All worth it

It’s the last day of April here in NZ.

The month has been full of hard work – work that may ultimately prove positively life changing.

I woke up this morning to a clean and tidy house. It wasn’t a huge effort to get it that way the evening prior.

Today I have a lot of baking to do. This is part of a ‘baking ninja’ initiative; people are nominated to receive a surprise package of goodies (for any reason whatsoever) and a group of bakers are each allocated someone (or a family) to bake for.

Prior to getting the final items I needed for the baking this morning, A helped me pick out some lipstick at a local department store. I’ve never worn lipstick before except for once here or there. I always thought I looked like ‘mutton dressed up as lamb’.

I opted for a bright red lipstick. Another step against the direction I was always conditioned to walk.

So on this, the last day of a month of worthwhile slog – I’ll be baking up a storm whilst wearing red lipstick.

Best wishes all!




Decluttering: happy aftermath


Hi all,

Still going with the house project. Just today somebody came to pick up bathroom shelving we no longer (never) needed, and another person kindly took some household cleaners I didn’t want. People love free stuff! It’s a great win-win situation.

After my emotionally difficult day recently, things have indeed started looking up. I tried to be kinder to myself… to enjoy life in this altered home a little bit. Heck, we even did arts & crafts as a family – using lots of glitter.

I’ve learned that life gets easier when you know where things are in the home – and also where to return them to once they’ve been used. Items are each being allocated a space. I thought this was the case before, but it really wasn’t. For example: my  jewellery alone was spread over 4 completely different locations.

One consequence of the process that I was secretly hoping for but not too optimistic about, is that the house is easier to tidy and clean. Considerably easier. The glitter was gone in a snap. We have a couple of people visiting tonight and D & A are out at the moment – I’ve done a bit of cleaning/tidying and am now relaxing, knowing that I only have a tiny more to do to have the house looking great for our guest’s visit. And the house isn’t even fully sorted yet! Can you sense my joy about this?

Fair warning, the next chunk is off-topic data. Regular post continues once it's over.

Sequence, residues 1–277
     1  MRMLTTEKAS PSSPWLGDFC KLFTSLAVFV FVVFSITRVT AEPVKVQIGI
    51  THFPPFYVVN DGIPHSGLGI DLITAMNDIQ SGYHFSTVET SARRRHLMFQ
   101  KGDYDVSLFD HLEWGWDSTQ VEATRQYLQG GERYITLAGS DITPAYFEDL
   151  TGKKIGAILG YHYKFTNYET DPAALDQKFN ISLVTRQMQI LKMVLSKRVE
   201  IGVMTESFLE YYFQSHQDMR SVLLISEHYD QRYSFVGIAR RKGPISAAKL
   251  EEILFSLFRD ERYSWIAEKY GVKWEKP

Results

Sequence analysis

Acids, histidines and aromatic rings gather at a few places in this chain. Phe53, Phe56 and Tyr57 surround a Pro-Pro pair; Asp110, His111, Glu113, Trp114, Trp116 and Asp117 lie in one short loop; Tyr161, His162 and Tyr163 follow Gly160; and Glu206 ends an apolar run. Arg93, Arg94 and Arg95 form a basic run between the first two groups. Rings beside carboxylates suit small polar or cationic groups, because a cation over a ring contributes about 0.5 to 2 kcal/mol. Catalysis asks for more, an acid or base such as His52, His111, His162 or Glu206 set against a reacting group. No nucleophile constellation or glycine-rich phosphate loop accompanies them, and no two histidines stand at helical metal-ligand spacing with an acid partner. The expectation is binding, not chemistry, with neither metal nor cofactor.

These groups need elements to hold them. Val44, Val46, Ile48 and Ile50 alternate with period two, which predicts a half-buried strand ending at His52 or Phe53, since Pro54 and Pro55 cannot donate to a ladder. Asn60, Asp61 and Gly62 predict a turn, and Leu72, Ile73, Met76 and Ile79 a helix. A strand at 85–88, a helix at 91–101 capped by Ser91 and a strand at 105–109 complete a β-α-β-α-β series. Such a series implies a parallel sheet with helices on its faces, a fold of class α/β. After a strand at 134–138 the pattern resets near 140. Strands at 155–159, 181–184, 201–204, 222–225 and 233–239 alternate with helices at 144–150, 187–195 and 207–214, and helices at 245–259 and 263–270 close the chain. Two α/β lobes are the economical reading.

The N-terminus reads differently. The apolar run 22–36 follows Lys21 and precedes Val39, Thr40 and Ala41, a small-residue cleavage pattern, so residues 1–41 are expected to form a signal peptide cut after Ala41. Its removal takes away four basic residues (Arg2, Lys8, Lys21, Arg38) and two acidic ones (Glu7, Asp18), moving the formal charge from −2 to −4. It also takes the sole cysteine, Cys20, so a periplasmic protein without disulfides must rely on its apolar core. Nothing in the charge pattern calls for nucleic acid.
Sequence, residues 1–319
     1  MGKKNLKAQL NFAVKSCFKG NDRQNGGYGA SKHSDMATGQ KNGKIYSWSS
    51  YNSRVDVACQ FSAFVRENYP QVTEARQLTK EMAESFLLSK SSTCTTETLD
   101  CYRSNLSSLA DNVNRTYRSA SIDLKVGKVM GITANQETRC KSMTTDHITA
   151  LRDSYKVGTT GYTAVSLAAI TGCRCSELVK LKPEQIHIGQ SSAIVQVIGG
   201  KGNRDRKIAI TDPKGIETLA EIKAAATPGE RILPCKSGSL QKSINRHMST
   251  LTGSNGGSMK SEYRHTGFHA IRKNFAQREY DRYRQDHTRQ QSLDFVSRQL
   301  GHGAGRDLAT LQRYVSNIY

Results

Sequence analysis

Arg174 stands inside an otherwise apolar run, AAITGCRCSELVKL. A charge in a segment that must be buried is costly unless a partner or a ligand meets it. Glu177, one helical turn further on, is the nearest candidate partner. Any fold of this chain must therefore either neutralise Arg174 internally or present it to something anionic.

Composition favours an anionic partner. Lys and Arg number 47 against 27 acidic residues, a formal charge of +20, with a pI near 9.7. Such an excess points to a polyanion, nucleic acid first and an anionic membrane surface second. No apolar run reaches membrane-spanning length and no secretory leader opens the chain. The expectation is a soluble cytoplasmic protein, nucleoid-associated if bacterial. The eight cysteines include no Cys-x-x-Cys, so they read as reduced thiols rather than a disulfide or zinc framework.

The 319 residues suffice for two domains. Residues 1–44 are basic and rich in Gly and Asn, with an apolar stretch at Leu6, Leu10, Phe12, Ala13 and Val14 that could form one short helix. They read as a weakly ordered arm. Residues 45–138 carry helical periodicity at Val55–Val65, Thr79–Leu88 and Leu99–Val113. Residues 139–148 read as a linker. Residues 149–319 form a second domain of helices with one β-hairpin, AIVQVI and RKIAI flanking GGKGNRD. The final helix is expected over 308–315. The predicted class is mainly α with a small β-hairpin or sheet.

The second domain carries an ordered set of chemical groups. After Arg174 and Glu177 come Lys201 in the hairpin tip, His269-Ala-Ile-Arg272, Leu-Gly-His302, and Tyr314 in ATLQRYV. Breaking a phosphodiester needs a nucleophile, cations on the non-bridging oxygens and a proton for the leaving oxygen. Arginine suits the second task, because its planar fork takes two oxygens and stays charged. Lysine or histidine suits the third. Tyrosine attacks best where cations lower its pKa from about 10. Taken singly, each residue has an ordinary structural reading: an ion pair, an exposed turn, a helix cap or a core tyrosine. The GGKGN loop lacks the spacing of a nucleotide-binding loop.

Today I’d like to share a few photos. First is the rubbish and recycling that went out this week. The massive recycling bin was chock full and straight after it was emptied it was almost filled again by stuff we had waiting to go in. Usually we put out one rubbish bag a week, if that. Two weeks worth of recycling usually fits perfectly in the bin for the bi-weekly pickup.


Second, here is a before & after of our kitchen. The ‘before’ is of our kitchen in a state of mild mess in comparison to what was the norm in there. The ‘after’ is of our kitchen now, in use, not all fancied up for the photo. I’ve created room and found proper places for everything. Moving the microwave back onto the bench space seems to be handy for necessitating more regular dish washes, too 😉


I know it’s not the most stunning kitchen, but it’s better than it was. The books under our table on the left are ‘to go’, as well. So that space will be clear again very soon.

Something very exciting happened today. Years ago I purchased  some prints online, but they sat in their tube all this time. I finally ordered some frames for two prints, and they arrived! I love both pictures, but I have a real soft spot for this one:



This print is ‘Sarah Eating Corn’ by NZ artist Michael Smither. I can barely express how this picture tickles me. When I first saw it, the Sarah of this picture reminded me so much of A. When A was younger she had such a devil-may-care, loud, tearaway, attitude. She enjoyed pulling a particular face as a preschooler whereby she screwed up her nose and mouth and breathed kind of like Darth Vader through her squooshed up little features. The print reflects A’s little-person spirit, and I love it. Funnily enough, 13 year old A loves it too.

When I have both prints hung, I’ll share a picture of them together here in the lounge.

For now, it’s time for me to eat my dinner (I can only eat my very restricted diet, so won’t be joining in with the pizza tonight) and do that little bit more preparation before… visitors arrive!


Best wishes all xx


Update: The visit was a lot of fun, and afterwards A & I had the house back to our new ‘baseline tidy state’ in no time. Who would have thought that mere clutter was making life so much harder than it needed to be.